Breakdown Companies

by | Feb 16, 2017 | Business, Motoring

The major 3 breakdown companies in the UK are the AA, the RAC and Green Flag. Whilst most insurance policies have a breakdown and recovery option, the membership-based breakdown services market is dominated by those with yellow, orange or green livery. The AA is recognised as the market leader.

The AA was founded 1905 as the Motorists’ Mutual Association, but within a week its name was changed to the Automobile Association. Their activity was initially limited to only weekends, and the main aim was to warn motorists of Police speed traps.

Speed limits in the early days of cars were much stricter than today. A 20mph national speed limit would be enforced by covertly measuring the distance between two plain-clothes Police officers. Fines would be the equivalent of a month’s salary. Patrols were made on bicycles, and hand signals were used to warn the motorists of impending speed traps.

breakdown companies use the hard shoulder

For commercial vehicles, the Freight Transport Association (FTA) offers a vehicle recovery service in partnership with the AA.

The RAC was founded in 1897 and was given royal approval by Edward VII in 1907. It is no longer known as the Royal Automobile Club, since it was sold and restructured in 1999. With 8 million members, it covers half the market of closest rivals the AA.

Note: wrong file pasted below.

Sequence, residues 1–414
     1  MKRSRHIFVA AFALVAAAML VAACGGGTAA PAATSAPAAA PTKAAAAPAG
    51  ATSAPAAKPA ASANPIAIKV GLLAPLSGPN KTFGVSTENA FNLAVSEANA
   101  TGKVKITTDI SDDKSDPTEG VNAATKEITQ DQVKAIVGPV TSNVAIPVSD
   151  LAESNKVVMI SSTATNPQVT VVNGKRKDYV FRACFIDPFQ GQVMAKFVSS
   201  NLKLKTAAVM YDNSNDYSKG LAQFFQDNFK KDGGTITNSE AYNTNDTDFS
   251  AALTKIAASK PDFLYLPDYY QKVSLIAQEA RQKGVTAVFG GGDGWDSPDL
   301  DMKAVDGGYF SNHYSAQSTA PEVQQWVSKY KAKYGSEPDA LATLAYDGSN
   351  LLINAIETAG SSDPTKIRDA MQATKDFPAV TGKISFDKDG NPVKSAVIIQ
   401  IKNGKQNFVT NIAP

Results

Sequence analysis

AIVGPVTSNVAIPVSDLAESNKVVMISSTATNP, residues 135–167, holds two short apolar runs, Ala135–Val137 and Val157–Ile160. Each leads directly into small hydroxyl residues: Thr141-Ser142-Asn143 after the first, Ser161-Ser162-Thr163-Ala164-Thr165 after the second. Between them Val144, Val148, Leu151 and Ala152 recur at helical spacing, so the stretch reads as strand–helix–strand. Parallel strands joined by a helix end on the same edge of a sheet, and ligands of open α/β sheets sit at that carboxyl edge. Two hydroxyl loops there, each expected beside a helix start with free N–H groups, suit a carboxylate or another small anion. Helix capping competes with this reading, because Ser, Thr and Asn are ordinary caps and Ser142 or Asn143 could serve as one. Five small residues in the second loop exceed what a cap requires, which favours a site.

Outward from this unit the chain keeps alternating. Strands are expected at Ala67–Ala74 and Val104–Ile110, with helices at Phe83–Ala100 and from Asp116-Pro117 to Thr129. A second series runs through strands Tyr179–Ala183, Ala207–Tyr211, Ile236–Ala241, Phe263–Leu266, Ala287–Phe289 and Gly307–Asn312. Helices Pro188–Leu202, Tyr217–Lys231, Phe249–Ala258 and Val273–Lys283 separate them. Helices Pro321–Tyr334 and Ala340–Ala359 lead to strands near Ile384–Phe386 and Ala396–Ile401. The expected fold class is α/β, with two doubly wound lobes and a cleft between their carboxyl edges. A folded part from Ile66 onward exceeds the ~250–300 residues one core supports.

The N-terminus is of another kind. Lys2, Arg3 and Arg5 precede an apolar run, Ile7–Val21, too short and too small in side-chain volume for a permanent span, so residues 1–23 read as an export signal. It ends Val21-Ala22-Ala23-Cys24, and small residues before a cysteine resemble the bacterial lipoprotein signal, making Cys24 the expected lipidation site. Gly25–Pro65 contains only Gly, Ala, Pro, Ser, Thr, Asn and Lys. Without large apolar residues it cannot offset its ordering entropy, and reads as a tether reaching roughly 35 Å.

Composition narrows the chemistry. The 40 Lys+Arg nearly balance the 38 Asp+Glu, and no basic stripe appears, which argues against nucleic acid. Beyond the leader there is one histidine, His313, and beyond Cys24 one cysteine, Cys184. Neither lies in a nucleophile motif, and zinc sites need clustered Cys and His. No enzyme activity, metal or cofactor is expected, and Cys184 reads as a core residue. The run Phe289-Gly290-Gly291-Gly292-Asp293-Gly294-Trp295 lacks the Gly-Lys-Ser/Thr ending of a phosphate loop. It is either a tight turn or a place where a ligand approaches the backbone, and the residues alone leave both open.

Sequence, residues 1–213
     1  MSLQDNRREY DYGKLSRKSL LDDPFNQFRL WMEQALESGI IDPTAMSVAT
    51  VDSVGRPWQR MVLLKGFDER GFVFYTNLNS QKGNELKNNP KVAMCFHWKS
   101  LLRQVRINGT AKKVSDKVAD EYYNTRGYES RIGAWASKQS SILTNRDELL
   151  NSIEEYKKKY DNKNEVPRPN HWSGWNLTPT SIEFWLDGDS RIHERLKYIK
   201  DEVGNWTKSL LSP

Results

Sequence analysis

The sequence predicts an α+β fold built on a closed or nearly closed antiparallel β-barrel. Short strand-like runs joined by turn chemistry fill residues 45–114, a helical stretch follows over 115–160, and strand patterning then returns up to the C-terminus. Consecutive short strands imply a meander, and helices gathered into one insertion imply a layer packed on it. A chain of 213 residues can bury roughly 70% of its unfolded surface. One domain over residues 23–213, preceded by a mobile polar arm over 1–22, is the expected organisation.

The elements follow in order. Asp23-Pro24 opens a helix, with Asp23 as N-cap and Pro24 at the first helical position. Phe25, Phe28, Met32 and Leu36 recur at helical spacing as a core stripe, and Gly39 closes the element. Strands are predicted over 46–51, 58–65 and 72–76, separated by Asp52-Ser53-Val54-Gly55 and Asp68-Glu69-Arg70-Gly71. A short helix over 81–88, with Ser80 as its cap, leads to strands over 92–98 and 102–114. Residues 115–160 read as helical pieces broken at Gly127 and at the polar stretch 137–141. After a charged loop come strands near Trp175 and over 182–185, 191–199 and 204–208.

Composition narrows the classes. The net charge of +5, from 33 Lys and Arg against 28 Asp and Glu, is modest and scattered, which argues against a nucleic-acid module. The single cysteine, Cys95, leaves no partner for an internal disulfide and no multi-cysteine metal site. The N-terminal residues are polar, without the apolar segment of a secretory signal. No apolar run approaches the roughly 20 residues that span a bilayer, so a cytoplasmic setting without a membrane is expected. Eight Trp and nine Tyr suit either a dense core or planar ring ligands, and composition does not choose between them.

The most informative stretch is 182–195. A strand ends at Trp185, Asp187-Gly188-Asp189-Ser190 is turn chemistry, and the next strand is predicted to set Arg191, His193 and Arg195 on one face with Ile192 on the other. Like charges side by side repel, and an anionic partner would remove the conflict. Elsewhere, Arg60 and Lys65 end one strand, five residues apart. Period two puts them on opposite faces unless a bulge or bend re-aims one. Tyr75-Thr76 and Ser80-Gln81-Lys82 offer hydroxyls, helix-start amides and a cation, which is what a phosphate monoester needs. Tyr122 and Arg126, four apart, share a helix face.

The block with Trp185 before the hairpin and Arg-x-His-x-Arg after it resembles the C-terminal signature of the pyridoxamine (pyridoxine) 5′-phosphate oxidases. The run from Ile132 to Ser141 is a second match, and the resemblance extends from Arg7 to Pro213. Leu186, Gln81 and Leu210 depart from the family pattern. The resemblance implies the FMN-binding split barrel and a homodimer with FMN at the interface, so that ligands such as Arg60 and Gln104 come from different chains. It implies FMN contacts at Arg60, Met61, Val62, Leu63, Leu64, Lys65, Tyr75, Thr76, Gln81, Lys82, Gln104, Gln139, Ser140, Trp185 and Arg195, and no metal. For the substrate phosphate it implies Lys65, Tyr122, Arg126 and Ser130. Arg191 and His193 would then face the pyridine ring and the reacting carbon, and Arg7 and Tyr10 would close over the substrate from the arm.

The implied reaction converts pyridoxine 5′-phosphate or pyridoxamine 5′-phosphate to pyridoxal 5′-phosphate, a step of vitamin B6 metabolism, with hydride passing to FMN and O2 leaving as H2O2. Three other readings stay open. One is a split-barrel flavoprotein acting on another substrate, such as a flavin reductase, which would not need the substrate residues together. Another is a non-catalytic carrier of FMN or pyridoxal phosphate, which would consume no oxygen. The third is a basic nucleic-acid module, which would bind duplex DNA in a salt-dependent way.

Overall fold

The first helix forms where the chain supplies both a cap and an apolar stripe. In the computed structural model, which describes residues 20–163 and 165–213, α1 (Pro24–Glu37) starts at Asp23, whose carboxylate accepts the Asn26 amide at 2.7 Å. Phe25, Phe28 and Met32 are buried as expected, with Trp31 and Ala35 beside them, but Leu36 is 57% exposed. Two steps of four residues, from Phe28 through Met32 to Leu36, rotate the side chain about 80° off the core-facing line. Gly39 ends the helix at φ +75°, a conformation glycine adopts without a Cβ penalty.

Green Flag operates both in the UK and Europe, using a network of partnered garages and mechanics rather than patrolling units. Formed in 1971 as the National Breakdown recovery Club, the company originally operated within a 50-mile radius of Bradford.

The hard shoulder is used by breakdown companies and recovery vehicles as well as the emergency services. There are plans to convert some stretches of hard shoulder into extra lanes to expand capacity, but this could jeopardise the safety of motorists and recovery companies.

The ownership and company structure of the AA, RAC and Green Flag have changed several times over the years as finance companies try to exploit the continued increase in vehicles on the road. Motoring, both private and commercial, is big business. Therefore, breakdown companies have investment potential for financial organisations.